All I Needed Was a Hood

My last visit to Home Depot – one of many recent runs there during my project of converting an 1865 Maine barn into an apartment – turned into a sweet and odd reminder of my writing life. That writing life that often gets sidelined as soon as I have “more pressing” things to do, like move, get a kid off to college, build a home…But the sales person who helped me navigate the dizzying ventless hood options quickly revealed he was an avid journaler with a penchant for storytelling.

A man in his 50s, he was a far cry from the “Home Depot Guy” one might expect; ┬áhis tall and lean figure with thin, delicate gesticulating hands and animated and dainty facial expressions produced an energy loaded with charmingly feminine affect. His lips pursed just so every few seconds and his eyes would widen and roll while his eyebrows rose and fell or frowned to give more expression to his speech. He would lean in or sway back while elaborating about his own ventless hood fan home renovation story, that soon enough included references to his father’s voice chastising him from the grave about not installing it correctly.

He had me at how hearing his dead father’s voice commenting on his activities was such a meaningful part of his experience, or how his dad was still an influential and lively presence, despite having been gone for several years. I know what that feels like.

From talking about his own father’s opinions, expectations and disappointments, the conversation (which was mostly a monologue) quickly turned to his own experience of fatherhood, and how his own grown sons were so hard to reach, both physically and emotionally. So, he said, he journals in order to be able to one day leave them a document where they can, when they are ready, learn more about their dad’s inner life. The painful time leading up to the divorce (I suspected he had decided to come out in mid-life, since he made some indirect references to that effect, and this had caused a domino effect of challenges for both him and his family), the misunderstandings, the things unsaid, the things that can’t be undone…the love. The need to tell ones story.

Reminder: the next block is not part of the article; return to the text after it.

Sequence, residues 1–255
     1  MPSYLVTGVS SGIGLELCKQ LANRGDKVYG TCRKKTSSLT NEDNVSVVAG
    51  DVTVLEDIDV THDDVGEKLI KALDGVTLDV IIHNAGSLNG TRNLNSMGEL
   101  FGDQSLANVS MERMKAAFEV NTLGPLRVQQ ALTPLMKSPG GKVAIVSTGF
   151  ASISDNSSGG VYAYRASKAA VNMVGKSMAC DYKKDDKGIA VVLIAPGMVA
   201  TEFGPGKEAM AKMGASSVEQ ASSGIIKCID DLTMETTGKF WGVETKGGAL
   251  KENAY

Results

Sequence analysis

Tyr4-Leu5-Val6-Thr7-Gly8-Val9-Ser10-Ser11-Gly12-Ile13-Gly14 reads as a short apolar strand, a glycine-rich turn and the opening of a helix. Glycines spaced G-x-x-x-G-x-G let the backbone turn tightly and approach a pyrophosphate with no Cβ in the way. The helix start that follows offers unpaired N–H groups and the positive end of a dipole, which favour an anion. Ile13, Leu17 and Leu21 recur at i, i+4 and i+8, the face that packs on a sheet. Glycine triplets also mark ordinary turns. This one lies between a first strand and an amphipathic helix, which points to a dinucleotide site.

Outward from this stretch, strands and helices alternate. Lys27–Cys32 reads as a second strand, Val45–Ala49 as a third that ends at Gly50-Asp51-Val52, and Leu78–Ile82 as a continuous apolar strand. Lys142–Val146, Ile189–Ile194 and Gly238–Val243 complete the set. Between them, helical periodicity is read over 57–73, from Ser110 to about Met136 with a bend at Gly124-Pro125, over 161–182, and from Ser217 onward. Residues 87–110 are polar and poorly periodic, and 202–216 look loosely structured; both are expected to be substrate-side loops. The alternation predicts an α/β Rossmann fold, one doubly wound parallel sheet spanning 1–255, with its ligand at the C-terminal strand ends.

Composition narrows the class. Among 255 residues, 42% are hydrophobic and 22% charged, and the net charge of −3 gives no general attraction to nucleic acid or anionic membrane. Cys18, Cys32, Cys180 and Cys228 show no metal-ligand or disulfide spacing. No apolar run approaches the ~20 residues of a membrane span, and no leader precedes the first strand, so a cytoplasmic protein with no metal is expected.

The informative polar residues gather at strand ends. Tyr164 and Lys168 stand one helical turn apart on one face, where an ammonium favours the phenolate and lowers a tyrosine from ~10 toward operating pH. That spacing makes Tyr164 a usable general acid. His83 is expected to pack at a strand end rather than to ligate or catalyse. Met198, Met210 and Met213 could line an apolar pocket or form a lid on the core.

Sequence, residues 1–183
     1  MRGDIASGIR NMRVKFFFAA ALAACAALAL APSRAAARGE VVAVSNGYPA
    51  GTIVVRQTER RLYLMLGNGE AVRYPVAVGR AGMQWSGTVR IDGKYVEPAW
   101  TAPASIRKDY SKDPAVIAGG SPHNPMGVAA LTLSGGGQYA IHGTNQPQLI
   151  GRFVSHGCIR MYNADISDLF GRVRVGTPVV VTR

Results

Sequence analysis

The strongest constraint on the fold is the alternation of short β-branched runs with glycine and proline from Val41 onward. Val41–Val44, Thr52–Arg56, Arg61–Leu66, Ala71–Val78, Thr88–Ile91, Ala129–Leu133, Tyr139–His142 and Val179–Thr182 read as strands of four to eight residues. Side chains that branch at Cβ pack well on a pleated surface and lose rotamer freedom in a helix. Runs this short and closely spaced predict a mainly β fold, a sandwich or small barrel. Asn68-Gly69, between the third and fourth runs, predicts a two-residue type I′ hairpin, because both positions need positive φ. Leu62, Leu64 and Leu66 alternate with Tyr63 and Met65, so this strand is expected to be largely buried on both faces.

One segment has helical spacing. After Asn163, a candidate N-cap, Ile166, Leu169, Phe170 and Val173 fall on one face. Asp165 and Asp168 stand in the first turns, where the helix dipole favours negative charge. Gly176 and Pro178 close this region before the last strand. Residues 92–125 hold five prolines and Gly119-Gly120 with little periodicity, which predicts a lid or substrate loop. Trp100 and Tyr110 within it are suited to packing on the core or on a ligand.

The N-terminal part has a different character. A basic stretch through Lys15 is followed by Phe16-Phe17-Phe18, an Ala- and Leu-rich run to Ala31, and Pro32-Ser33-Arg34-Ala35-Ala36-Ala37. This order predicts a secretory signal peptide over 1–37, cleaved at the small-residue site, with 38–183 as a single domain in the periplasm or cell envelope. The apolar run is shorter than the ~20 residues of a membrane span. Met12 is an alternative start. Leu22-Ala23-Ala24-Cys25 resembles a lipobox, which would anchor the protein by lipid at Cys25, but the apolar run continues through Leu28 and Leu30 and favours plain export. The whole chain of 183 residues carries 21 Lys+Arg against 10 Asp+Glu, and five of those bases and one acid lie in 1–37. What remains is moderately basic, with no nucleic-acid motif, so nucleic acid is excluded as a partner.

I finally left Home Depot with an affordable yet sleek, stainless and Italian-designed hood, sure to make my cooking forays more pleasant and less stinky. That felt like a relief. But the part about that early morning Home Depot run that truly felt gratifying, was having spent a few minutes listening to Barry, my fellow storyteller, which in turn inspired me and reminded me of my inner calling, which in turn brought me back to my keyboard. Here. Now.

I live and love my life of “yang” – of movement and action – as much as I love and strive for more “yin” – stillness and meditation. The first is easy for me; it’s in my blood and having the shpilkes is┬ásimply part of who I am. That energy is often the catalyst for all the practical “stuff” I am so efficient at getting done. As a kid, I’d run around my Oslo neighborhood and either help people or got into trouble. I didn’t sit much. I didn’t read much. Sitting and writing – or just sitting – is not so obvious for me. But the storyteller in me reminds me to, is constantly tugging and nudging me in that direction, again and again. Sometimes it just takes a little listening to remember.

Home Depot

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A Ritual: Butt in Chair

The greatest challenge for a writer can be just getting her rear in the chair. And staying there. Without letting herself be distracted by all sorts of easy, at the fingertips fun stuff, like Facebook, Instagram, Twitter, or even emails. Anything else but hunkering down and getting to work on the current project at hand, or worse yet, the new project.

Heck, I’ll even joyfully empty the dishwasher, fold laundry or pay bills rather than get my butt in the chair, unplug, and simply write. It’s a common malady.

Today I woke up and decided to begin – again – to take my vocation more seriously. I love Mondays for this reason, they make me feel like the whole world is in on helping me rally to get a new start. The saying “onward and forward!” has more oomph to it on a Monday morning. Somehow.

After a shower, a healthy breakfast, I resolve to get my yoga mat from my car to do some stretches during the day when I need a break. Not open Facebook, not begin the emailing craze; the emails certainly don’t go anywhere. I light the tea light nestled in my favorite small Gustav Klimt glass holder and place it on my desk next to my computer. I think of my writer friend in Paris who with the same candle flickering next to her, urges me on: “Write!” she tells me, “write all those stories you have inside you!”

On my way to the bathroom to dry my hair I gather up weeks worth of NYTimes Book Reviews, and decide to stop reading about books, and instead read more books, and write more stories.

And then, finally, I sit down and think, “Here I am. Let the faucet open” as my fingers run over the keyboard.

Writing